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Long one here ! I finished restoring my engine compartment and reinstalled my newly rebuilt 289. She runs great, BUT !!! I have an electrical problem. My alternator is only putting out 11.73 volts according to my multimeter. Now the result: The Sears Security battery has a power saver feature which shuts it down if it reaches about 11.5 volts (like in case you left your lights on). The car starts ok, but then the battery shuts down after 5-20 minutes because it is not getting enough juice. The alternator, voltage regulator and starter solenoid are new and correct. Also each of these components has been bench tested at a reputable auto store and all check out great. Also used a new alternator harness, battery cables, etc. I even tried the old alternator, voltage regulator , etc. What is going on ???? Why would the alternator put out 14. 75 volts on the bench test and only 11.73 on the car ??? I tested at the alternator (on the car running) and at the battery, both give around 11.73 volts. I can rearm the battery each time it shuts down, but this won't last for long. SOMEONE at the auto store suggested it may be the ignition switch. He said the ignition switch "excited " or sent a signal to the alternator enabling it to charge ????Also just a few minutes ago, I smelled an electrical burning under my drivers side dash. Could not visually spot the problem. And the engine still starts and runs for a few minutes till the battery shutdowns from too little voltage. Also tried a new replacement SEARS Security battery with same results a few days later (after its voltage dropped from low alternator output). HELP !! I am pulling my hair out. I know turbine engines real well (see profile) but this one has got me going crazy. Thanks to all in advance. This is a great forum. Miss the old one though. Brad

<P ID="edit"><FONT SIZE=-1>Edited by 1967Pony on 03/10/01 11:40 PM (server time).</FONT></P>
 
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The alternator requires current going through the rotor to charge. Check to see that you have voltage going to the rotor. That will tell you if it's the regulator circuit or maybe a bad ground. It's also posible that the alternator is overloaded and not able to produce enough current. That requires a current probe to measure the output of the alternator. I believe it's safe to disconnect the output lead though, then you could measure the no-load output. If you've got a restomod with electronic ignition then you need to be carefull when disconnecting not to cause a surge. Hope this helps.

Adrien.

<P ID="edit"><FONT SIZE=-1>Edited by stangs4me on 03/10/01 11:33 PM (server time).</FONT></P>
 
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I don't have a restomod. The rotor is new. The alternator passes all tests on a test machine under load and with no load.
 
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What stangs4me is trying to say is that here should be a magnetic field present in the alternator. The alternator has no permanent magnets but electromagnetic ones. The field is produced by a current flowing through a coil. When this current is too low (caused by bad contacts) the output will be too low.

In the bench test the alternator+VR worked, so the problem lies with the rest of the electrical system. Clean ALL contacts thoroughly an test again.

Unlike a regulator for a generator, an alternator-VR only has to regulate the voltage. The current will sort itself out depending on the current demanded by electrical equipment. When there is an overload (more demand than the alternator can supply) the shortage will be drawn from the battery, eventually leading to the results you experience. You also mentioned you could smell something burning/melting under the dash. That's the first place to check because a burning smell is a REALLY BAD sign and may be the cause of the overload. It may be caused by a short.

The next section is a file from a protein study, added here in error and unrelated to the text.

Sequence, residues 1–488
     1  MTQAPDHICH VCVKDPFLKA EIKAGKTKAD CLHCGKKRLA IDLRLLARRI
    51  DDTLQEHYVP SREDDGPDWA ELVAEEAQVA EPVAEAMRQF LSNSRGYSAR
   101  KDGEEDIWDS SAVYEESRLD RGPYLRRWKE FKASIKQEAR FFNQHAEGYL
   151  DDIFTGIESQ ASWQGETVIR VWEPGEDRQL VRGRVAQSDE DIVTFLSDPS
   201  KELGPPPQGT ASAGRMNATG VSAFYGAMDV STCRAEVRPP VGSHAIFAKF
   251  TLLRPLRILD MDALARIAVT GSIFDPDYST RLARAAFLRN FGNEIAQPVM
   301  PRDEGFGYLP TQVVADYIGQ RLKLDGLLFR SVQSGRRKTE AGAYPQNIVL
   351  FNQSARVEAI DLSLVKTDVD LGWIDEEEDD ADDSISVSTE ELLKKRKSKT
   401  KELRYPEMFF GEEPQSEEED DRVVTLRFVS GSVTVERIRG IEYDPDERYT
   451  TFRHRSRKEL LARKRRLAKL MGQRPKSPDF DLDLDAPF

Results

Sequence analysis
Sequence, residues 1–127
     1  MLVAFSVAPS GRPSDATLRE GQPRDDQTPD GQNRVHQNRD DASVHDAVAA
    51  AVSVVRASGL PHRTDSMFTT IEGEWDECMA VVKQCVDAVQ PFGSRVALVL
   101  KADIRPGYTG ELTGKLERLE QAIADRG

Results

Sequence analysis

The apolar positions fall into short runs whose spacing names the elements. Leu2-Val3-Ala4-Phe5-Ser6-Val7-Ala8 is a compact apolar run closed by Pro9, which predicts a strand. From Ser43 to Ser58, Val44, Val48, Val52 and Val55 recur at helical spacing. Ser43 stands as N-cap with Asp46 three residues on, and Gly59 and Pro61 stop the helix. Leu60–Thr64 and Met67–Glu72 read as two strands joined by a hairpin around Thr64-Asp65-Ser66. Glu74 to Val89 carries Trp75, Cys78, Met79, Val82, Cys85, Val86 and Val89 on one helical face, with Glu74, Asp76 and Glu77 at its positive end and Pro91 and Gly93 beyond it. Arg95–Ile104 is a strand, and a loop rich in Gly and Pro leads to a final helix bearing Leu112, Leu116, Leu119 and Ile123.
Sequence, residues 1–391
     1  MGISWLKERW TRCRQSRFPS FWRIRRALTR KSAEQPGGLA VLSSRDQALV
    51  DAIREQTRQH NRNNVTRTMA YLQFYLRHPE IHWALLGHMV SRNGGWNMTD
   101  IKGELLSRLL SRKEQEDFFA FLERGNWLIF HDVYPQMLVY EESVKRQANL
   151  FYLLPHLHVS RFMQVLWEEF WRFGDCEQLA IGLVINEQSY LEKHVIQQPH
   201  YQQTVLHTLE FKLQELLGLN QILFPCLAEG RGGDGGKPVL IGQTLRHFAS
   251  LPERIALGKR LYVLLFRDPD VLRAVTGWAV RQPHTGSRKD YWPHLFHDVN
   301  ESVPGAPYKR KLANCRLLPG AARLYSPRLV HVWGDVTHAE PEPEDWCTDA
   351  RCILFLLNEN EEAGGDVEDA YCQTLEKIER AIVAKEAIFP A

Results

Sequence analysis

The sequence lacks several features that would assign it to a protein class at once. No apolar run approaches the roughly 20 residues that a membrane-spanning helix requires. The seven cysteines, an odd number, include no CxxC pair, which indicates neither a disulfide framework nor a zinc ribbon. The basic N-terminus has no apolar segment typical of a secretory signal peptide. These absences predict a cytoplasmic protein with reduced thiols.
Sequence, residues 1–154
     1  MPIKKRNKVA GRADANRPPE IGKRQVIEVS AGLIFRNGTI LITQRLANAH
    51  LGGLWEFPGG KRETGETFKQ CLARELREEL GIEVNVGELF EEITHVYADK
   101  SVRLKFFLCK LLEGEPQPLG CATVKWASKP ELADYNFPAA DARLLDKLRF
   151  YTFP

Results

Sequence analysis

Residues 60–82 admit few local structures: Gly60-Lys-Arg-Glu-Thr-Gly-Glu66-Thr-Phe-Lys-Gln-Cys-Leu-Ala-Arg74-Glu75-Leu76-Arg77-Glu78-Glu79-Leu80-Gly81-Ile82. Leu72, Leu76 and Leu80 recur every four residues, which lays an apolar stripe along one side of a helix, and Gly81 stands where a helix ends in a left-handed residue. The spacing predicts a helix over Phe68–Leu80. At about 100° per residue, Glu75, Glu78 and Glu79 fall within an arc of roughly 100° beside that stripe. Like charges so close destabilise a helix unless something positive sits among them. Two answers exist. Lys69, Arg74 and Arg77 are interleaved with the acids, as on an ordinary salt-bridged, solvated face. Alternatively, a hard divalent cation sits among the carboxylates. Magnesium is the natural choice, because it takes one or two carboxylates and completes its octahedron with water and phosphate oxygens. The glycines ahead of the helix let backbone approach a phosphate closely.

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You have a massive short under the dash, which pulls excessive current, which draws the voltage down on the battery/alternator. You are about to have an electrical fire.

Start by pulling fuses one by one to isolate the problem. First, charge the battery, then check voltage there. Put key to ON, and check voltage. Does it start to drop? Pull fuses one by one. If problem only exists when engine is running, then do the same, but briefly, as you are about to set things on fire under the dash. Good luck.

You can also use a ammeter between the negative battery post and the disconnected negative battery cable. With key out, all doors closed, you should see less than 10 milliamps of current. Anything more indicates a short or something is on, draining the battery. You can use this test with the key in ON or ACC position too. Do not do this test while car is running.

http://clubs.hemmings.com/baymustang/flamicon.jpgLet me check your shorts! My multimeter is just a-waiting! Formerly known as Midlife in the old VMF.
King of the Old Farts *struts*
 
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Interesting problem. The burning is of concern - had that in an F-4 cockpit in 1972 - scared the bejeebers out of me. Sounds like you have an in-dash ammeter rather than an idiot light. The harnesses are different - do you have the right one ?? Three-wire VR connector for the ammeter; four-wire for the idiot light. What are your cockpit indications on the light/ammeter ?? Would like to follow your adventure - come back with an updated post.
 

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This is only a guess, but are you absolutely sure that your alternator/regulator wiring is correctly hooked up?

67 Vintage Burgandy 390GTA with most of the bells and whistles
 
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